Charles Schwab YieldPlus Class Action Opt-Out Date Set for Dec. 28

A federal court overseeing the Charles Schwab YieldPlus class action lawsuit has set a deadline of December 28, 2009, for members of the class to opt-out and pursue their own individual financial fraud claims.

The U.S. District Court in San Francisco issued a notice of pendency on Monday that includes detailed instructions on participation in the class action lawsuit, which involves claims that Charles Schwab misled investors and failed to properly disclose the nature of risks associated with certain securities held by Schwab YieldPlus bond funds.

The notice informs investors who qualify to participate in the suit that they need not take any action to be included as a class member. However, if an investors wishes to maintain their right to pursue an individual Schwab YieldPlus lawsuit or arbitration claim, they must opt-out before Monday, December 28, 2009.

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Three classes of investors have been certified, including individuals and entities who acquired shares of the Schwab YieldPlus Funds Investor Shares (SWYPX) and Schwab YieldPlus Funds Select Shares (SWYSX). The first class includes all individuals or entities who acquired shares between November 15, 2006 and March 17, 2008, who were damaged and received a false and misleading registration statement. The second class includes all individuals or entities who acquired shares between May 31, 2006 and March 17, 2008 who received a false and misleading prospectus for the fund. The final class includes all California investors who held shares on September 1, 2006.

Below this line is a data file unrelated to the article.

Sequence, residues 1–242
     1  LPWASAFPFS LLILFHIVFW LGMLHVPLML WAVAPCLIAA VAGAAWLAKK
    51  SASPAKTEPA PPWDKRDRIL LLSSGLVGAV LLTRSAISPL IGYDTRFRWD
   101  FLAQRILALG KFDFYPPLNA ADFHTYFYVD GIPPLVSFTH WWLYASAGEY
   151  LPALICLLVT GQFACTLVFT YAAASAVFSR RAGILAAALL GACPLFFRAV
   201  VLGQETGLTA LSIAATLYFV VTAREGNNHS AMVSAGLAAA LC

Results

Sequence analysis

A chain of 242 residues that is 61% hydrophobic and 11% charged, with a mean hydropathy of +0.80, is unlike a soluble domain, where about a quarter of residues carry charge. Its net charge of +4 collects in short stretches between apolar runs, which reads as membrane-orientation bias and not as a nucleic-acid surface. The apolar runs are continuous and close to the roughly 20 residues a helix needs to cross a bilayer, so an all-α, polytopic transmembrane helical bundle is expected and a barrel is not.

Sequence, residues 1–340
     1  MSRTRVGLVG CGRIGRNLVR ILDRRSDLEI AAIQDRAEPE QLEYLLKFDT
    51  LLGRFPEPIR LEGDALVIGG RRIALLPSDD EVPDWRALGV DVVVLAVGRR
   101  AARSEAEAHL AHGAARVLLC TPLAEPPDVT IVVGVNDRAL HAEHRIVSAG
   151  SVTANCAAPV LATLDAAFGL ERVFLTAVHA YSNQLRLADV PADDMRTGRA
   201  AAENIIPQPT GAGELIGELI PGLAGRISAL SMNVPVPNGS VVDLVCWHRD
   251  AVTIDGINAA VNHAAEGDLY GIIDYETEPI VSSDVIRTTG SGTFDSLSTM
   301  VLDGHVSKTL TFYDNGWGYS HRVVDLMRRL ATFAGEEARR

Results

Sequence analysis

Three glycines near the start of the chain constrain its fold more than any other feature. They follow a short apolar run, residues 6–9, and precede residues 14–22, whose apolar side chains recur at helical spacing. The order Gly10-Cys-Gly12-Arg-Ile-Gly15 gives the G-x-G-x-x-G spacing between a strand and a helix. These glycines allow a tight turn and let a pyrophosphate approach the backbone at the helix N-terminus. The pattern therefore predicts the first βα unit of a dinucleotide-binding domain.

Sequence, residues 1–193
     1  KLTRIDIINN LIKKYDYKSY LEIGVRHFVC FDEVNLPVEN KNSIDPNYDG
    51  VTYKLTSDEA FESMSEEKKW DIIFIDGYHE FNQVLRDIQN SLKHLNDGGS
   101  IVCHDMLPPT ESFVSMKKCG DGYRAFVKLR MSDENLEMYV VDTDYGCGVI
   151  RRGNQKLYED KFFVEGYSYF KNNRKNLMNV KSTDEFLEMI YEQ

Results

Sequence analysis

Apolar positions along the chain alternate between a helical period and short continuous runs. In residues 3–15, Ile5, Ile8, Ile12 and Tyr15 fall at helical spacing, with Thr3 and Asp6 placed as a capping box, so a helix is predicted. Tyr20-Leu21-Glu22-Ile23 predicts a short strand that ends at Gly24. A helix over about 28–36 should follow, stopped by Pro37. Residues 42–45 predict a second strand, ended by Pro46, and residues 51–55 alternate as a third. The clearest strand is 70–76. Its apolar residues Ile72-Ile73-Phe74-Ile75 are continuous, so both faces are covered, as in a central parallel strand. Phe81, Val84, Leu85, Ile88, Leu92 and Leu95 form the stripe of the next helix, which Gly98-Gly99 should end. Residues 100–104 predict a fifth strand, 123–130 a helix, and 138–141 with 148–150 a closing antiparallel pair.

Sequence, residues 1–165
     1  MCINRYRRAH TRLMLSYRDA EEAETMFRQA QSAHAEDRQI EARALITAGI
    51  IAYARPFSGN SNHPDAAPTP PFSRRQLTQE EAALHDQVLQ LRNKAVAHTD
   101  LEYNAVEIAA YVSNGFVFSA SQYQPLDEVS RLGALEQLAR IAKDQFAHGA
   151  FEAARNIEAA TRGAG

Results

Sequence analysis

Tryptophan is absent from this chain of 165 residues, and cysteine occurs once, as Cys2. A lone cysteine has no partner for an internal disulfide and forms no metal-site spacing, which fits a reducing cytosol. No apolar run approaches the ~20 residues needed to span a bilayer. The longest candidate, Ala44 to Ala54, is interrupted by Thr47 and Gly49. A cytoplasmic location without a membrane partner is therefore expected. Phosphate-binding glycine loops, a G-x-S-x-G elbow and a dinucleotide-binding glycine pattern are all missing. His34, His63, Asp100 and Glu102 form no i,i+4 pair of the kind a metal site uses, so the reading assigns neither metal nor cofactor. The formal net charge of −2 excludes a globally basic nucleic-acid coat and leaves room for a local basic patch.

The Schwab YieldPlus funds are ultra-short bond funds that were heavily promoted by the Charles Schwab as conservative investment alternatives to money market funds or cash. Despite being advertised to generate income with minimal changes in share price, the funds lost 31.7% of its value between June 2007 and June 2008 due to heavy investments in risky subprime mortgages, which investors claim violated the prospectus. By comparison, other ultra-short bond funds only lost an average of 0.16% during the same period.

Financial fraud lawyers have suggested that many investors may be better served by pursuing an individual arbitration claim to recover their Schwab YieldPlus losses through the Financial Industry Regulatory Authority (FINRA), as opposed to participating as a class member. Panels of FINRA arbitrators have already heard a number of claims filed by investors, awarding losses of more than $20 million so far.

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